Wethepeople offer a 16″ Seed and 18″ Curse complete bike.
Cult offer 12″, 16″ and 18″ Juvenile complete bikes in their range.
St. Martin are one of the first brands to fill the gap from 12″ to 16″ bikes with their 14″ Darwin complete bike.
Strider bikes which are designed for kids that haven’t quite got to the pedaling stage have been becoming increasingly popular since the initial Stryder brand of bikes started popping up a few years back. Verde have introduced their Scout bike which is a 12″ bike that doesn’t have cranks or a drive line. Check out the Oscar Perkins video above for an example of how these work. This is a great way for kids to develop balance when going over obstacles or up and down ramps.
This is just a sample of the options that have been made available lately. With more bikes being available, more shops are willing to carry the smaller bikes because they’re filling a gap in sizes that are traditionally only sold in stores like Wal-Mart. This has introduced so many more kids to BMX at that younger age versus the 14-20 year olds we see getting into BMX in the past.
– EVENTS – Now days you can’t go a weekend without some sort of event. More brands are doing shop tours again, there are contests at skateparks all over the world and there are street, park and trails jams going off all the time. Then there are other styles of events like Dustin Grice’s Lil’ Pros Tours that he has been organizing where he essentially loads up a bunch of these young shredders in an RV with a few different pro riders to do a road trip to different parks. This has been great exposure for the kids and I don’t have any doubt that there have been a ton of kids who saw these videos and wanted to get into BMX because of it.
Lil’ Pros Tour
Lil’ Pros U.K Tour
Those are a few of the reasons we have been seeing a younger age group of kids picking up BMX, and learning how to absolutely shred. There are a million reasons for why people get into BMX, but we feel like thanks to the forward momentum the sport has thanks to options for bikes, technology, riders turning into parents, more exposure and opportunities like facilities to ride popping up worldwide that this younger crowd is getting into BMX.
Needless to say, this younger generation is awesome to see and I am excited to see where things go with the riding and products that come out geared towards them.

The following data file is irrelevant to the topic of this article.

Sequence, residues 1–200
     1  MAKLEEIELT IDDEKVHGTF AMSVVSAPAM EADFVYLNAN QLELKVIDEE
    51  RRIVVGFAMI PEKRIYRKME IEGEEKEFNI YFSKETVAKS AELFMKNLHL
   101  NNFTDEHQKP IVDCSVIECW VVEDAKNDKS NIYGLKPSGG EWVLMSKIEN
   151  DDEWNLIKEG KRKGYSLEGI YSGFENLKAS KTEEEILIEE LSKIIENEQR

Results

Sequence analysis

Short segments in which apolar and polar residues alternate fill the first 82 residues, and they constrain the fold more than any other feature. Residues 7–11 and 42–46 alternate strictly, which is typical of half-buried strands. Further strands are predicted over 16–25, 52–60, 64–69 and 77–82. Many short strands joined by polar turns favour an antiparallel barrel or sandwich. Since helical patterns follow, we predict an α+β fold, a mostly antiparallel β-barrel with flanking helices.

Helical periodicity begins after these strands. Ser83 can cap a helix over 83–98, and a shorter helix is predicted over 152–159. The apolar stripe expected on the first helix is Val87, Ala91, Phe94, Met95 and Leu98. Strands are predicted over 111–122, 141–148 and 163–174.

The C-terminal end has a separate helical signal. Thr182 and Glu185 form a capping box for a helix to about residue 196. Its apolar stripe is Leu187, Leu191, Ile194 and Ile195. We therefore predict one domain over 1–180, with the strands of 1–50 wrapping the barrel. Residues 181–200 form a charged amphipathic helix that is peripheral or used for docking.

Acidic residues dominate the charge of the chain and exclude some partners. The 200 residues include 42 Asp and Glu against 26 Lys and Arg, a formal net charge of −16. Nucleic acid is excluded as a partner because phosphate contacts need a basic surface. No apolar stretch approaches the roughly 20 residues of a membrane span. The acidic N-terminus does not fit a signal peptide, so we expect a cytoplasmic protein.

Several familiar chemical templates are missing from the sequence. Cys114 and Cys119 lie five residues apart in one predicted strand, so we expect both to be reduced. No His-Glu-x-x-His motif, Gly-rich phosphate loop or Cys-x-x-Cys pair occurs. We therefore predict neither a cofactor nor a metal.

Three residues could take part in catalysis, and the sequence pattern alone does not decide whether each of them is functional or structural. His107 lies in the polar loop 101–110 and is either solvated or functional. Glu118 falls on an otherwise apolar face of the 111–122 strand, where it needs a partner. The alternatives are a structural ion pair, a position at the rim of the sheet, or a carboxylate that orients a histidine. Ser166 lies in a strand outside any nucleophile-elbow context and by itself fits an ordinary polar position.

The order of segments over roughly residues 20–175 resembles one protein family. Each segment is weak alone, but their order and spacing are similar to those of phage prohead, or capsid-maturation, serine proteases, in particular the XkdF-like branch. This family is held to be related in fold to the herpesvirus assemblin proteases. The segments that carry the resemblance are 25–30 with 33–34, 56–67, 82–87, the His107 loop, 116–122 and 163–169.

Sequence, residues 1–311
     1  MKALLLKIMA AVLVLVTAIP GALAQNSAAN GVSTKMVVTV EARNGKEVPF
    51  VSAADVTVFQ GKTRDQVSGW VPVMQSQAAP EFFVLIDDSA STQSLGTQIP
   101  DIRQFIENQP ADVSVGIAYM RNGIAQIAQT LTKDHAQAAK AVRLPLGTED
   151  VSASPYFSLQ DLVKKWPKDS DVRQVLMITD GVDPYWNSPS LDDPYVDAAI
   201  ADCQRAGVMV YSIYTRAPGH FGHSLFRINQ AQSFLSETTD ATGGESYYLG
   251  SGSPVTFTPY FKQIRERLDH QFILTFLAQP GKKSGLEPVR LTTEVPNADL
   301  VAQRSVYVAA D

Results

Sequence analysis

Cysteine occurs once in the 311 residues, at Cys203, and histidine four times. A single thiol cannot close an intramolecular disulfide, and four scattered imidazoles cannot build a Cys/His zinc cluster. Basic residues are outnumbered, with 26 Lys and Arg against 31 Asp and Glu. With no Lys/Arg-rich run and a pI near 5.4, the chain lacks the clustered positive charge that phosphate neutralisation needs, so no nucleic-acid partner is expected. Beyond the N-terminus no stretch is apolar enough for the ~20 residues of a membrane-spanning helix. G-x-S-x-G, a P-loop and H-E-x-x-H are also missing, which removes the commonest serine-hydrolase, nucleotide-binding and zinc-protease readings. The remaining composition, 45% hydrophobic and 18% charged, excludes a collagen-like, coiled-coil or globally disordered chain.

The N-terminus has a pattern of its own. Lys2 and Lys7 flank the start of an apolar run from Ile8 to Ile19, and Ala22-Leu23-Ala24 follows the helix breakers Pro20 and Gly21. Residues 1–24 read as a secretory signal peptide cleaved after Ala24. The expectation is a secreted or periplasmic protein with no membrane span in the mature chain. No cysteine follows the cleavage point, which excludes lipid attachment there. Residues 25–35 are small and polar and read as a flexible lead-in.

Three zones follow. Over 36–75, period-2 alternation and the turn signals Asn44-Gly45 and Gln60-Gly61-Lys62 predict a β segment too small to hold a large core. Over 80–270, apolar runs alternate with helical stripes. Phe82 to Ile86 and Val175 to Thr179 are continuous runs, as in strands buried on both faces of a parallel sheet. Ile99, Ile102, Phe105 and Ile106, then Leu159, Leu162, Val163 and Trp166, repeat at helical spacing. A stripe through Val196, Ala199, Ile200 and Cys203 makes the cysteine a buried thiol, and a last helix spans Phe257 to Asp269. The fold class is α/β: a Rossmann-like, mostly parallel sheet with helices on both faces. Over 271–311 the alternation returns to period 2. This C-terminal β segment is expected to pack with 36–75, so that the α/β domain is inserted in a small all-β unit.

One thing that I haven’t really touched base on is why getting kids into BMX at a younger age is important and why I think brands have been putting more emphasis on these smaller bikes. In my opinion, I think it’s because when a kid picks up a BMX bike at the traditional age (14-20) there are a lot of factors that can pull their interest away from riding. Things like getting their license and a car, girls, school, jobs or partying are just a few common factors that lead to people quitting. Why is it so easy for them to just quit and move on? It’s easy because they haven’t invested their time and effort into it before these distractions take place. When a kid picks up a bike at a younger age, they have more time to develop a love for riding or have invested a good portion of their life to learn how to ride and that’s something that is hard to just quit.
BMX Racing is a perfect example of where we’re headed because it has been ahead of the freestyle side of BMX for a long time now. Racing has seen these younger kids getting into it at early ages for a lot longer and have been developing bikes that fit for every age. This has lead to kids who have rode from their first novice races all the way up to the expert mens classes.
Why is it so important for younger riders to pick up bikes? Well, from a business perspective it means riders are going through bikes, frames, parts, accessories and more for longer. Instead of buying one bike, they might buy a complete bike in the start but over time they could buy 6 frames, a few pairs of cranks, dozens of grips, countless shirts and shoes and more. Obviously that means more money going to shops and mail-orders, which are buying these parts from distributors, who are buying them from brands which are contributing to jobs and technology advancements in factories in Taiwan or keeping companies like FBM, Solid and Pedal Driven Cycles alive. Ultimately, the more kids who are getting into BMX at an earlier age and riding for a longer time helps the whole industry continue to grow.
From a riders perspective this can mean a lot of things! There are more riders to get a session with and become friends with, brands making more sales can turn that revenue into development of better products or offer lower prices due to volume, more events from local jams to massive contest by brands like Red Bull and more demand for more places to ride so parks, plazas and trails are popping up.
So to sum this all up, more kids getting into BMX and progressing at a faster level is great for every aspect of BMX. It’s going to be exciting seeing where things go in the future and you better believe we’ll be there to show you just what is going on!
What are your thoughts? Let us know in the comments! Don’t forget to “Like” or Tweet this if you’re into it as well! Thanks!
Here’s a few more videos!